We spoke to over 2,500 18 to 34-year-olds living in the UK to explore and document what life is like for young people in Britain in 2016. From Blackpool to Belfast, country fairs to council estates, the nation's youth told us exactly how they felt about money, politics, drugs, sex, music, clothes and everything else that matters. This is the VICELAND Census, all this week on VICELAND and VICE.COM.
So far this week we've looked at sex and relationships, crime and drugs, popular culture, politics and discrimination. This final set of results is about going out, housing and your mental health. But before you read about all that, watch the little video above that our friends at VICELAND made, talking to people throughout the UK about partying.
Once upon a time, going out was all about the great British pub. In a different, pill-ier age, the hottest spots were fields in the middle of nowhere. For this generation, turns out the ultimate night out is actually a night in:
Your favourite way to spend a night out was, of course, the humble house party. Clubbing doesn't score that highly, which I suppose is just as well considering we're losing nightclubs – especially in London – at a terrifying rate.
Housing is a contentious issue – most people reading this are probably renting from a horrible landlord or still sleeping in their childhood bedroom – but it's certainly one of the topics that will define our generation.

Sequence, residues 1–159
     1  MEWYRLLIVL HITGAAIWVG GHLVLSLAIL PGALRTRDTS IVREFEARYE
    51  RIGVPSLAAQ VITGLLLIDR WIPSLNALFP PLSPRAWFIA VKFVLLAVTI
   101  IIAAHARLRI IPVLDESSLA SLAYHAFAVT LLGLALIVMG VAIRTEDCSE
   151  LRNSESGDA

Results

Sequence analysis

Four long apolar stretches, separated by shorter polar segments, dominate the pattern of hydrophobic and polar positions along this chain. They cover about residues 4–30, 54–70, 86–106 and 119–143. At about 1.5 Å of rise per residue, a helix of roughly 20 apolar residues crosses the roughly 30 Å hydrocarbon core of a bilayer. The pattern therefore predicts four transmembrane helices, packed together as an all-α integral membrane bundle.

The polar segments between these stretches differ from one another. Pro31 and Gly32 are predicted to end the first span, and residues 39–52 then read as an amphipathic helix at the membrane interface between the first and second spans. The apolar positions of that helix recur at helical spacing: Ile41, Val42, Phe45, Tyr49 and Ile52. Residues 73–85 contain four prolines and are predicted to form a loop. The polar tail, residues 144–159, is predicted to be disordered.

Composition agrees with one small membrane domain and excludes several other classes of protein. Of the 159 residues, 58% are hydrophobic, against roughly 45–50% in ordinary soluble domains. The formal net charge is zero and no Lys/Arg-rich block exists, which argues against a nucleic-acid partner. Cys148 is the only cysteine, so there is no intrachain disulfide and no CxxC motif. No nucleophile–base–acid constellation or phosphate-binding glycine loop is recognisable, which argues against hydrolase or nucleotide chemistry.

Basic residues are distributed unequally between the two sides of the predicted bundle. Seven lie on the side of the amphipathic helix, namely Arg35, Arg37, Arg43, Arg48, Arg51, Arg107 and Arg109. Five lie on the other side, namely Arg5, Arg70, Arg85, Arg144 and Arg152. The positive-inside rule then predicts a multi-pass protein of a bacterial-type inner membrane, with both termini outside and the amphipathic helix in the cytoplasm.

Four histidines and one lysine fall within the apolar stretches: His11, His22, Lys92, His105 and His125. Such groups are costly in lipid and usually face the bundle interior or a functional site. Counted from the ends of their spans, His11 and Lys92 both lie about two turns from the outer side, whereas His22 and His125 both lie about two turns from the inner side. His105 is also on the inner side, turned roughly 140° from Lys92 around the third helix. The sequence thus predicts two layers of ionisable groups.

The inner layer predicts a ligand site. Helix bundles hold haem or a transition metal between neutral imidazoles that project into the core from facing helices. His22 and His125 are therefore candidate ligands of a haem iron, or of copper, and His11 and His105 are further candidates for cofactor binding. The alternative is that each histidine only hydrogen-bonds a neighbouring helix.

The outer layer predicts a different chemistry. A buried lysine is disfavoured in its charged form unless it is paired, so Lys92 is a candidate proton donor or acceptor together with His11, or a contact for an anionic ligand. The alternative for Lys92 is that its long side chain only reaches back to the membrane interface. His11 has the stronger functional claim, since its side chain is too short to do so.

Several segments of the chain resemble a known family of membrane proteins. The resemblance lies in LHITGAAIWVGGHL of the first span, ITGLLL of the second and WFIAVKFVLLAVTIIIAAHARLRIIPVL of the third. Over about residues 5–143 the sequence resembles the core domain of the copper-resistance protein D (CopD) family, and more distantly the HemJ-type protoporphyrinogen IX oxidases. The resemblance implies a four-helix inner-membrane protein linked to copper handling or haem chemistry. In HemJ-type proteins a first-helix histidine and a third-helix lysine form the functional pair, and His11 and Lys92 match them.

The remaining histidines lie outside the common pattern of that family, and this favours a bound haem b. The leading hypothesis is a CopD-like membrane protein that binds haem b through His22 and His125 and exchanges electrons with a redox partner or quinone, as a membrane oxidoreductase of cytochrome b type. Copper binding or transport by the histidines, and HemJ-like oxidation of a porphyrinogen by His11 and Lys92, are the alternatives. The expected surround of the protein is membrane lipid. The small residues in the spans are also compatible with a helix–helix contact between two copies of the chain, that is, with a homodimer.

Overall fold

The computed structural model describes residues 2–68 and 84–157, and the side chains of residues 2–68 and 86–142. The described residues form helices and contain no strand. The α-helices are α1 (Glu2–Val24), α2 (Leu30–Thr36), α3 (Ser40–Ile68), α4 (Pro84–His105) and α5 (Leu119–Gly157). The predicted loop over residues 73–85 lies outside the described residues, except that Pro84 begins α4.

A large proportion of us believe our living situation has been affected by gentrification (71 percent), and if you're living in a city, it definitely has. We're also aware of how fucked we are: when judging the fairness of the housing system on a scale from 0 (not fair at all) to 10 (completely fair), nearly a third (29 percent) scored 0. Only 5 percent of young people gave a score over 5, meaning that 95 percent of you think the housing system is unfair.
After years of being messed around by estate agents, your nerve has finally been broken. How do you feel about the suited little berks who take a fat cut of your low salary every time you move flat-share? A huge 62 percent of you said you dislike them, with a significant 27 percent of you choosing "strongly dislike". Unfortunately, seeing as we'll be renting forever, it doesn't look like we'll be able to escape them in a hurry.
Worryingly, but unsurprisingly, over half of you (52 percent) said that mental health had stopped you from working, while 42 percent take or have taken prescription drugs for mental health problems. After a big push from the media, the seriousness of the mental health crisis for young people has finally come into focus – which has gone some way to challenge stigma and the lack understanding around mental health issues.
When respondents were asked how much they agreed with the statement "Mental illness is an illness like any other", 50 percent said they agreed fully and only 3 percent of people disagreed to any level.
More on the VICELAND UK Census: